These programs highlighted the intelligence which could be gained from Japanese POWs, the need to honor surrender leaflets, and the benefits which could be gained by encouraging Japanese forces to not fight to the last man. The programs were partially successful, and contributed to US troops taking more prisoners.
In addition, soldiers who witnessed Japanese troops surrender were more willing to take prisoners themselves. Survivors of ships sunk by Allied submarines frequently refused to surrender, and many of the prisoners who were captured by submariners were taken by force.
US Navy submarines were occasionally ordered to obtain prisoners for intelligence purposes, and formed special teams of personnel for this purpose. The submarines which took prisoners normally did so towards the end of their patrols so that they did not have to be guarded for a long time.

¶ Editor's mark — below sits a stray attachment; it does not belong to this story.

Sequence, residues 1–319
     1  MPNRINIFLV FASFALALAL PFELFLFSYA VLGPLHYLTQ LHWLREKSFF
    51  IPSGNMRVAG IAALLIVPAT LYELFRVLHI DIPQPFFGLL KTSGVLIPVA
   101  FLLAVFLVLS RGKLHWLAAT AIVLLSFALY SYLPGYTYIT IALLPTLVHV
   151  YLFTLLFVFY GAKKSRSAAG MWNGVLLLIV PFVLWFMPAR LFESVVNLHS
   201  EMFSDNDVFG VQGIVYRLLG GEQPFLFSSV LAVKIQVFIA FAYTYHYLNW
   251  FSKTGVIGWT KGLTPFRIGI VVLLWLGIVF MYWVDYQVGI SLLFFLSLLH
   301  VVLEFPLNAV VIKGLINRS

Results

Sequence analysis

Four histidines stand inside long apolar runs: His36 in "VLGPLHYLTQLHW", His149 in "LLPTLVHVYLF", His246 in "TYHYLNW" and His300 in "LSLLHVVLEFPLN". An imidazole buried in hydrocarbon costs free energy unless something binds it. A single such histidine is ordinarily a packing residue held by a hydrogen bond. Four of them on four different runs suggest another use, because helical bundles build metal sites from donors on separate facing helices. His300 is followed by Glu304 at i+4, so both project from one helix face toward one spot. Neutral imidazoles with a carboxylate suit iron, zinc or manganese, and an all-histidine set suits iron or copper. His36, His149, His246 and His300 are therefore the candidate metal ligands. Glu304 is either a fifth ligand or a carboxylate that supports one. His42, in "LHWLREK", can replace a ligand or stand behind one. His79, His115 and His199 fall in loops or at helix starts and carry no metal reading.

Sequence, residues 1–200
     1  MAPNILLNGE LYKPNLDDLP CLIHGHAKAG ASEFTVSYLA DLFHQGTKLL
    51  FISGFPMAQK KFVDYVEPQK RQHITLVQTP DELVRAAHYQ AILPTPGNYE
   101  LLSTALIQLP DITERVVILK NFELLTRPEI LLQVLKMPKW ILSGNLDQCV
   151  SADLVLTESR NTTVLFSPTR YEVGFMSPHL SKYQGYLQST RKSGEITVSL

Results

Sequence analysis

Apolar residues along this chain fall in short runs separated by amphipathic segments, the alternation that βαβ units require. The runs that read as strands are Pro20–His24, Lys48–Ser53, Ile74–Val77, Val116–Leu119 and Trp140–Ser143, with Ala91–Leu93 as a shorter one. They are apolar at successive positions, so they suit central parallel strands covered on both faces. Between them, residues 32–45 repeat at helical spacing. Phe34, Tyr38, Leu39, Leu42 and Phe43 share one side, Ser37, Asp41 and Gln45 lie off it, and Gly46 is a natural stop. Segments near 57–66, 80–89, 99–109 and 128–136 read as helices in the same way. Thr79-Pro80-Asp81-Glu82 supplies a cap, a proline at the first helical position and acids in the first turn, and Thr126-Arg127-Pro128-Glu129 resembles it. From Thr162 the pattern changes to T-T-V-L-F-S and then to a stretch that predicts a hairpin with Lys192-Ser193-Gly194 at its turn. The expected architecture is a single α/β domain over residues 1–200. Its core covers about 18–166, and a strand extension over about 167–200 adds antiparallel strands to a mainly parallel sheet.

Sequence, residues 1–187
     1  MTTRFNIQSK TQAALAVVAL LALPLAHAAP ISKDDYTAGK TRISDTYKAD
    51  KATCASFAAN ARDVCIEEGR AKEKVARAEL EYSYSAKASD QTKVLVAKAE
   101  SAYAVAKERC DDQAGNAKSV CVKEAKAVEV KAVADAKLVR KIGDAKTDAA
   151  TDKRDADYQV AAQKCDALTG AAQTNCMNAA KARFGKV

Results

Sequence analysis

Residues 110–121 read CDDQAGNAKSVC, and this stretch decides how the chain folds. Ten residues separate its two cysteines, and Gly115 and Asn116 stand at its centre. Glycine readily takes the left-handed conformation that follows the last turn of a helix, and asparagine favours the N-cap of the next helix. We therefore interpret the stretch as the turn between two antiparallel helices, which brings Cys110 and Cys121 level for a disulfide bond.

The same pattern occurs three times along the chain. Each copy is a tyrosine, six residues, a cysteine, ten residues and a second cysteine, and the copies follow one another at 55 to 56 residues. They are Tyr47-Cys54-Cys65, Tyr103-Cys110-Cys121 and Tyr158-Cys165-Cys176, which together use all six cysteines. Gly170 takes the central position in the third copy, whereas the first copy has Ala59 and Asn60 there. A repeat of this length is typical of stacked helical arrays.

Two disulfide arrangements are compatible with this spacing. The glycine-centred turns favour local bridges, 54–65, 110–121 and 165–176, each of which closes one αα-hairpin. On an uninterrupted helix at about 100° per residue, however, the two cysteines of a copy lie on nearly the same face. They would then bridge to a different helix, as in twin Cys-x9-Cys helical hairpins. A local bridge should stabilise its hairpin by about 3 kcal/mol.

Estimates of the numbers of Japanese personnel taken prisoner during the Pacific War differ. Doyle gives a figure of 38, Japanese POWs in captivity in camps run by the western Allies at the end of the war.
Gilmore has also calculated that Allied forces in the South West Pacific Area alone captured at least 19, Japanese. The conditions these POWs were held in generally did not meet the standards required by international law. The Japanese government expressed no concern for these abuses, however, as it did not want IJA soldiers to even consider surrendering.
The government was, however, concerned about reports that POWs had joined the Chinese Communists and had been trained to spread anti-Japanese propaganda.
While the Bureau cataloged information provided by the Allies via the Red Cross identifying POWs, it did not pass this information on to the families of the prisoners. When individuals wrote to the Bureau to inquire if their relative had been taken prisoner, it appears that the Bureau provided a reply which neither confirmed or denied whether the man was a prisoner.